This paper discusses the way that Parliament scrutinises the Government's proposals for taxation, set out in the annual Budget statement. It looks at how this procedure may be affected by the timing of a General Election, and the decision in 2017 to move the Budget from the Spring to the Autumn. It also provides some suggestions for further reading.Jump to full report >>
Each year the Chancellor of the Exchequer presents the Budget, which contains all the tax measures for the year ahead. Traditionally the Budget has been in March, prior to the start of the tax year on 6 April. The statutory provisions to give effect to these tax measures are set out in a single Bill: the annual Finance Bill. This paper sets out the way that Parliament debates the Budget and scrutinises the Finance Bill, and how this procedure can be affected by the timing of a General Election.
In 2011 the Coalition Government reformed the Parliamentary timetable, moving the Queen’s Speech and the beginning of the annual session to the spring. In turn provision was made to allow for the Finance Bill to be carried over from one session to the next to ensure that this reform did not substantially reduce the amount of time available for the Bill’s scrutiny.
It has been the practice in recent years for Chancellors to make tax announcements twice a year, using the Pre-Budget Report or Autumn Statement as a second fiscal event. In his Autumn Statement in November 2016 the Chancellor Philip Hammond announced that from autumn 2017 the Government would present a single autumn Budget, to allow for greater Parliamentary scrutiny of Budget measures ahead of their implementation. Mr Hammond presented the last Spring Budget on 8 March 2017, and the first Autumn Budget on 22 November 2017.
This reform has had implications for the annual Budget timetable for policy announcements, consultations, and the passage of legislation. In December 2017 the Government published details of this new timetable, which noted, “under the new cycle of a single fiscal event each year, most tax policies will continue to be developed through an established cycle, whereby a policy announcement at the Budget is followed by a policy consultation, the publishing of draft legislation, and proposals are finally legislated in the next Finance Bill. However, to reflect the move of the Budget from spring to autumn, the timing of this cycle will change. Policies will be announced at the Budget in the autumn, and consulted on in winter and over the spring. Draft legislation will then be published in July for technical consultation ahead of the Finance Bill being introduced in the autumn.” On 11 July this year the Government published draft provisions to be included in the Finance Bill 2019/20; some of these follow earlier consultation exercises, others provide for certain technical changes, while a third group are to have immediate or retrospective effect. This draft legislation is on Gov.uk.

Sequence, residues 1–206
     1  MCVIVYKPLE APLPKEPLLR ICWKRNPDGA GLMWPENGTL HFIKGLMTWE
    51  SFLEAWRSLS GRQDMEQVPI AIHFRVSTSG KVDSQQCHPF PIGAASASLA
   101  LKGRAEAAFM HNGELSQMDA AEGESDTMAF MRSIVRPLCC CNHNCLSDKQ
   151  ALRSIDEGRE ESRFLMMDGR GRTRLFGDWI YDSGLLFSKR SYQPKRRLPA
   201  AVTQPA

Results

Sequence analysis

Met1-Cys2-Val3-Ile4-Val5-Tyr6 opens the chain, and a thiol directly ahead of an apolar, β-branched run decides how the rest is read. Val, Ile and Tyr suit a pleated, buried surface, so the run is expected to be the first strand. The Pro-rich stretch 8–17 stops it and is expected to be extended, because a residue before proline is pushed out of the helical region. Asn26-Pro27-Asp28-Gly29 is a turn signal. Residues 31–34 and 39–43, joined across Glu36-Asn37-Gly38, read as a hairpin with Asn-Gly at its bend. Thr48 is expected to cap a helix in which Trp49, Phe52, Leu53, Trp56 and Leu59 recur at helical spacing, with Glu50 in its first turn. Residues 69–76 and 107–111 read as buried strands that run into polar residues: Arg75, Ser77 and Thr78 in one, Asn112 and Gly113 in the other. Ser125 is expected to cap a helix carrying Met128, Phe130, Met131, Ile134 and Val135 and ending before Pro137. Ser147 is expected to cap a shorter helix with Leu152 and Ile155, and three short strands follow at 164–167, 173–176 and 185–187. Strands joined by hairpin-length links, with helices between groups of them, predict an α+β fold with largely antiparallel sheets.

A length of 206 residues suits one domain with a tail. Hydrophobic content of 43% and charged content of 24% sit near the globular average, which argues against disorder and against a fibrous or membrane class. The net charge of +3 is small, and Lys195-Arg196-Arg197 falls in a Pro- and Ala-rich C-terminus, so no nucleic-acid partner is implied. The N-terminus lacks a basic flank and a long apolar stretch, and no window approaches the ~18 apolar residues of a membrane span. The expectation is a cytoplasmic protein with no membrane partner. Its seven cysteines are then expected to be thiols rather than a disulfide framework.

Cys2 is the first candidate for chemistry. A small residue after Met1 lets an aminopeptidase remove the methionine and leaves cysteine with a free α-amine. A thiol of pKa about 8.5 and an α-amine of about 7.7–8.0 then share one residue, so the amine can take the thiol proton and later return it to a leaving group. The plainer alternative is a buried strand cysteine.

Although the Chancellor may often mention public spending in his Budget speech, the procedure by which Parliament scrutinises and approves of government expenditure is quite separate and is not discussed in this paper. Other Library papers provide a checklist of Budgets since 2010 with a list of recommended reading on tax policy, and a longer historical list of Budgets and Finance Bills since 1968.
 HM Treasury, The new Budget timetable and the tax policy making process, 6 December 2017
 Written Statement HCWS1713, 11 July 2018; HM Treasury press notice, Finance Bill 2019-20: government publishes draft legislation, 11 July 2019
 For more details see, Scrutiny Unit, Financial scrutiny uncovered, 3rd ed. July 2017; Main Estimates: Government spending plans for 2019/20, Commons Briefing paper CBP8575, 22 May 2019.
 Budget debates and finance bills since 1968, CBP 2271, 29 October 2018